Review: Kyle Abraham’s ‘Untitled America’ Helps Open Alvin Ailey Season

por Andrea Mohin/The New York Times,

13 Dec 09:54

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“Now more than ever”: The phrase is all over the publicity for Alvin Ailey American Dance Theater’s season at City Center this year. It’s easy to imagine why the inspiration and solace for which this company is known might be newly relevant, newly needed. Near the start of “Revelations,” the work this troupe has danced in most of its performances for decades, torqued bodies express the pain of the oppressed to the sung words “there is trouble all over this world.” At the end, those bodies rock in joyful redemption.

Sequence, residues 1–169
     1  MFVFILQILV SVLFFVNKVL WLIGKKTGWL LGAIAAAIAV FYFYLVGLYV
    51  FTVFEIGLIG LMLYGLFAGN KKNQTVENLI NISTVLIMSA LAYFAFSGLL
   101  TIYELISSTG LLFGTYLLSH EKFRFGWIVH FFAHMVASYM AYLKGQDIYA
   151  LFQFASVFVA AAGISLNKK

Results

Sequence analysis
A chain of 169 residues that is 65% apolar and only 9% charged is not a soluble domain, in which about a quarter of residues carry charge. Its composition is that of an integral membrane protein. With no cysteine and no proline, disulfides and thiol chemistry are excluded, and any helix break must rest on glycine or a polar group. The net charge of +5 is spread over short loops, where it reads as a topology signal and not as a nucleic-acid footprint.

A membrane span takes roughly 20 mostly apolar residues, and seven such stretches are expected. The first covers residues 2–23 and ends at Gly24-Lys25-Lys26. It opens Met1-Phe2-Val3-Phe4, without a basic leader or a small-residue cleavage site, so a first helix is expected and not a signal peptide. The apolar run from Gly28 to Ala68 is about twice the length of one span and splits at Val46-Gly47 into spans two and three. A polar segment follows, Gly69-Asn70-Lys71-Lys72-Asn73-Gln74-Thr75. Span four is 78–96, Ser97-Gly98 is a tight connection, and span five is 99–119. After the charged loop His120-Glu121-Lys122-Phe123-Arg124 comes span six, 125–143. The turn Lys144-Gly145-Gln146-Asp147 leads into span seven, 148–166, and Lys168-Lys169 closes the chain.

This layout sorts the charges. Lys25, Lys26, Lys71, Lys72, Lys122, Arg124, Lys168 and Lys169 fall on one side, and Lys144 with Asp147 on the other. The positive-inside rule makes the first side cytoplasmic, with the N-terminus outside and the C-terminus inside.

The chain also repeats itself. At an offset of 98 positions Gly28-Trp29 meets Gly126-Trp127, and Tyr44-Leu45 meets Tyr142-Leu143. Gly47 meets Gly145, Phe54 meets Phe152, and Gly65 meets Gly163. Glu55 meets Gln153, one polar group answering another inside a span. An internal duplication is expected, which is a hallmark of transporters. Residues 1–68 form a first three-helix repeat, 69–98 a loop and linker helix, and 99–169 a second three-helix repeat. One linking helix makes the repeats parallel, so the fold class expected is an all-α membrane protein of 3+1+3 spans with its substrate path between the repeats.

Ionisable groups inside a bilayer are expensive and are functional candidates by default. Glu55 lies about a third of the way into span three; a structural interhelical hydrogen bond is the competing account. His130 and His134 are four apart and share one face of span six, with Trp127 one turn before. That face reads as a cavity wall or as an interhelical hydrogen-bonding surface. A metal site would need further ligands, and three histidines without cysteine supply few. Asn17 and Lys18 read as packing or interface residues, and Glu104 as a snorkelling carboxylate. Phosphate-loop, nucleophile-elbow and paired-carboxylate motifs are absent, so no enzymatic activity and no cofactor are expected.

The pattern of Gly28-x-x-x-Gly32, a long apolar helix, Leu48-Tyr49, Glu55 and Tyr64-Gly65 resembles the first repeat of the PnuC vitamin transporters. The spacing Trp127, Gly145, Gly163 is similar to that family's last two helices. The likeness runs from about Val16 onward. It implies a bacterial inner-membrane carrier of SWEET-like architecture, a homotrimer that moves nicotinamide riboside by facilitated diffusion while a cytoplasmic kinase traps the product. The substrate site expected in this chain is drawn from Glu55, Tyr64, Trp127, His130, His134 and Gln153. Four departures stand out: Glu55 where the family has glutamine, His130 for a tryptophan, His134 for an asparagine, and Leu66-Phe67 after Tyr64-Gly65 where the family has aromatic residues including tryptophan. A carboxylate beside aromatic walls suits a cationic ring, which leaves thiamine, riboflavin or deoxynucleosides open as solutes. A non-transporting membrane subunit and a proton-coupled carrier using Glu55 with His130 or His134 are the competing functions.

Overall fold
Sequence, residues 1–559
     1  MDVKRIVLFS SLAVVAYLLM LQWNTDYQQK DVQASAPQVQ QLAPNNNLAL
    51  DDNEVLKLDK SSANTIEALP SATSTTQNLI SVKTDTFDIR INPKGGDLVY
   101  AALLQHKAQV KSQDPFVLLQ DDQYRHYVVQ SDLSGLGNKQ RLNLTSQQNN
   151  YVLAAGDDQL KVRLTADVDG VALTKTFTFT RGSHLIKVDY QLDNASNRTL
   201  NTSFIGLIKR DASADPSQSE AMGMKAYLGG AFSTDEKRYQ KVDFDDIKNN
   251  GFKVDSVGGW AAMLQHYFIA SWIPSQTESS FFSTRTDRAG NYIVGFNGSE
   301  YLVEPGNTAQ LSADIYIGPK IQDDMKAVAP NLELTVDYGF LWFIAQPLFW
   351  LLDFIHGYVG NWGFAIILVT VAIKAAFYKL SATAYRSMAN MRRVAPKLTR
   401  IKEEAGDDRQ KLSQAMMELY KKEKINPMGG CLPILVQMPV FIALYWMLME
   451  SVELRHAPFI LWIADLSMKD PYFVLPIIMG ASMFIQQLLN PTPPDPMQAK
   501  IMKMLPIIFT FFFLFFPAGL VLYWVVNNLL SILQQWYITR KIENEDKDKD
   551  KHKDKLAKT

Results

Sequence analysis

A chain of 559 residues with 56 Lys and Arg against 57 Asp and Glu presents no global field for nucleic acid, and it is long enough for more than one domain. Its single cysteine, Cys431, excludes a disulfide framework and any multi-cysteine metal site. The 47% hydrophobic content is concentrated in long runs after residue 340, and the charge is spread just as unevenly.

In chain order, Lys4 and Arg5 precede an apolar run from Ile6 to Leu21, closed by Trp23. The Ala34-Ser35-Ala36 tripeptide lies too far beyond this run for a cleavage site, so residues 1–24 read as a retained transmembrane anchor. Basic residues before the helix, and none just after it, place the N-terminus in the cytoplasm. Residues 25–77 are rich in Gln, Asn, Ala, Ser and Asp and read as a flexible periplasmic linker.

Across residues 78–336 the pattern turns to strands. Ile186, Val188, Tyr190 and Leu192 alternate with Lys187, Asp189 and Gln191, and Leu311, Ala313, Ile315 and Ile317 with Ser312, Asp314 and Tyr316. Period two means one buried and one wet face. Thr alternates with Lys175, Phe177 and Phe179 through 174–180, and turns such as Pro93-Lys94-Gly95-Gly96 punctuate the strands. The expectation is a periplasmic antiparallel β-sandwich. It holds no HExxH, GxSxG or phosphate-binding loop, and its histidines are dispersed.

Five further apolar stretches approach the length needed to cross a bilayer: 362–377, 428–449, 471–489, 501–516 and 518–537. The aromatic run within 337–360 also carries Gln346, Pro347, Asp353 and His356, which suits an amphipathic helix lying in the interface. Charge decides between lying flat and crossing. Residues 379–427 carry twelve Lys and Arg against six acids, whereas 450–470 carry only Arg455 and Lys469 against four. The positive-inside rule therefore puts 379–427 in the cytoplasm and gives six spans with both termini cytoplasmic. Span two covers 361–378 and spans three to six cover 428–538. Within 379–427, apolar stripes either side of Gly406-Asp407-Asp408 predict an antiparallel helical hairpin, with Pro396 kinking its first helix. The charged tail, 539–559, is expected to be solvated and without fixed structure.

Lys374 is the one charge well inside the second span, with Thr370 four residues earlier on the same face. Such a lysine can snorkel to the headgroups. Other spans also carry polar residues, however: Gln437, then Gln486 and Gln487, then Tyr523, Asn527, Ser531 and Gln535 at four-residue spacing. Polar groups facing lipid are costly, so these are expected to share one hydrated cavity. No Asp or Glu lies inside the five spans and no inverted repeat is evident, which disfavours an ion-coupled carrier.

That arc is an Ailey guarantee, but the season’s premieres have promised a timeliness as well. Two deliver to varying degrees, but not “Walking Mad,” the 2001 calling card of the Swedish choreographer Johan Inger, new to the Ailey repertory. It’s a pretentious farce, set to “Bolero,” in which people in trench coats and bowlers push around a wall on wheels, followed by an overwrought duet about intimacy issues.

“Now more than ever, we need dance to express what words cannot.” So says the Ailey publicity, but that doesn’t mean we hear no words. In Kyle Abraham’s “Untitled America,” we hear voices of people who have been in prison, speaking of the damage wreaked upon their loved ones by enforced separation. Despite this terrible context, the words are flat, banal, their tone almost numb; Mr. Abraham’s choreography has a lot of expressing to do.


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